Eating & Drinking Out-of-the-Box
There’s definitely something interesting happening in food packaging these days.
One thing I noticed around the holidays was a lot more boxed wine. Wine in a box was the purview of budget brands . . . but no longer. You can still buy budget wine by the box but the market is seeing an increasing number of high-quality wines in attractive cardboard containers.
The driver is convenience and adaptability. Today’s paper-based containers boast being sturdy, recyclable and well designed which are some of the reasons why more than half of consumers now say they have no reservations about buying and drinking boxed wine. And an added plus, boxed wine oxidizes more slowly than bottled wine because of the spout connected to the wine bag. It’s a win/win.
Another packaging innovation comes from the ever-inventive pizza industry. Pizza, as we’ve noted once before, requires a package stiff enough to protect the contents and insulated to keep in the warmth yet vented to prevent condensation. To date, only cardboard can meet all those needs cost-effectively. Now Pizza Hut is taking the humble pizza box to a new level – actually, three levels. Their new Triple Treat Box has three separate drawers for two pizzas and side orders or a dessert all in the same box. The box can also be torn apart into individual pieces that fit into a refrigerator so no part is wasted.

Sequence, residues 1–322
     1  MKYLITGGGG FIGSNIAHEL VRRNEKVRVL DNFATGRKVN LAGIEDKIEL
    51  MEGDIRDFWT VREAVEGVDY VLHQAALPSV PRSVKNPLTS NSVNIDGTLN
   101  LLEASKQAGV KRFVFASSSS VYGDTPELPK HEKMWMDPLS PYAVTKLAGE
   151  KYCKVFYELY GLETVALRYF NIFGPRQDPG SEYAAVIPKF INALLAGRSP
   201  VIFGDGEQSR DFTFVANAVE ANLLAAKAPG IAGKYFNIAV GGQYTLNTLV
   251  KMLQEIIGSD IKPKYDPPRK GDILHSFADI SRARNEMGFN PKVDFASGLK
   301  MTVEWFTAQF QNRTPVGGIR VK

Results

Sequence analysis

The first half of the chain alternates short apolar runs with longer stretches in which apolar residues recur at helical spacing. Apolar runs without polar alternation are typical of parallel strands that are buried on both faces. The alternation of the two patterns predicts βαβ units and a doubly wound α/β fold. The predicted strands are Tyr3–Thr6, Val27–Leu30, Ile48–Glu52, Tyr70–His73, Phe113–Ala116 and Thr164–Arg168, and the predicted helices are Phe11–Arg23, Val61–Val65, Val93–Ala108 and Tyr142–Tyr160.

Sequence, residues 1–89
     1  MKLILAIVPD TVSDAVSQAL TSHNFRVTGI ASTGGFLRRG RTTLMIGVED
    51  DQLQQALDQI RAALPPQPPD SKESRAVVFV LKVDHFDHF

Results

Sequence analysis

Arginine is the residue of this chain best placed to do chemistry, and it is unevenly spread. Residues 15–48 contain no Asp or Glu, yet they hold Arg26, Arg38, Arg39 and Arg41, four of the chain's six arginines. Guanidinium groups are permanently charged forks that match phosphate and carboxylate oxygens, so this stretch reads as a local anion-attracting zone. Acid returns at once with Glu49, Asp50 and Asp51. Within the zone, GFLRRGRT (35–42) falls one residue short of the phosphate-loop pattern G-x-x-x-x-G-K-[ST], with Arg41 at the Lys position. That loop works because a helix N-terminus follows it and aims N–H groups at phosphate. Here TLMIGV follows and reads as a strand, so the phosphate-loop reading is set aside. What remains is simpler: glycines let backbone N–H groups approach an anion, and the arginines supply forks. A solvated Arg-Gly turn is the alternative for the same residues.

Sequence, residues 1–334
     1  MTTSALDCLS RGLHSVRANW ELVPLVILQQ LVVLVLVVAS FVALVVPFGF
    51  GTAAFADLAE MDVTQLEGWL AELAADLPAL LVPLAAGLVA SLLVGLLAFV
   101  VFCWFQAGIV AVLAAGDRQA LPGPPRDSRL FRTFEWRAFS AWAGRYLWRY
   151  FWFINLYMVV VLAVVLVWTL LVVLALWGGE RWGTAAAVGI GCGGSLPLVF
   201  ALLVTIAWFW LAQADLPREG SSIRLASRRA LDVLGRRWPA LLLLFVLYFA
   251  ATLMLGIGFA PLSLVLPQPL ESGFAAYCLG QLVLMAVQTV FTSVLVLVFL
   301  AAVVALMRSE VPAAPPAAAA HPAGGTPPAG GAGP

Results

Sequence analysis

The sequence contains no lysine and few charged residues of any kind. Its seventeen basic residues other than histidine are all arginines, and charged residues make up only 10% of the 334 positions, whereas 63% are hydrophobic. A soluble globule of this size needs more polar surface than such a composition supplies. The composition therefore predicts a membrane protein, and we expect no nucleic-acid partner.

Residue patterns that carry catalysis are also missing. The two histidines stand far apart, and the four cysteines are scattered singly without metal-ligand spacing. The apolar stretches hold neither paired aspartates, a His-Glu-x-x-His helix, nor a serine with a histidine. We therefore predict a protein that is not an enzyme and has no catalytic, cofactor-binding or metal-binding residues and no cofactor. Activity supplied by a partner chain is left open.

But for sheer inventiveness it’s hard to beat the new container McDonald’s recently introduced in Europe and Latin America. It’s called the McBike and it’s designed for hungry cyclists. The cardboard package is ingeniously designed to hang a burger, fries and a drink from the handlebars of a bicycle. When the cyclist is ready to lunch, he/she unhooks the box and separates the sides to reveal a complete meal. The box, designed by the Argentine ad agency, Tribal Buenos Aires, manages to give McDonald’s a little street cred as a hip and health-conscious food. It’s also consistent with the company’s new DynamicDesign project, the first global packaging makeover at McDonalds in three years.
I’ve also seen the increase of brands connecting with their customers by using the packaging as its own communications platform. Many restaurants have neat messages and cool designs on their food packaging but the Cultivating Thought Author Series by Chipotle took it one step further when they opened up their literary packaging to middle- and high-school students ages 13-18 for a chance to win a $20,000 college scholarship fund and have their original short essays showcased on Chipotle cups and bags that reach 800,000 people a day.
What other new packaging ideas can we look forward to? Take a look at the latest winners of the PPC packaging contest and you’ll see everything from angular Toblerone boxes to the new Cadbury Crème Eggs paperboard packaging that replaced their previous plastic trays and sleeves and won the Eco Award.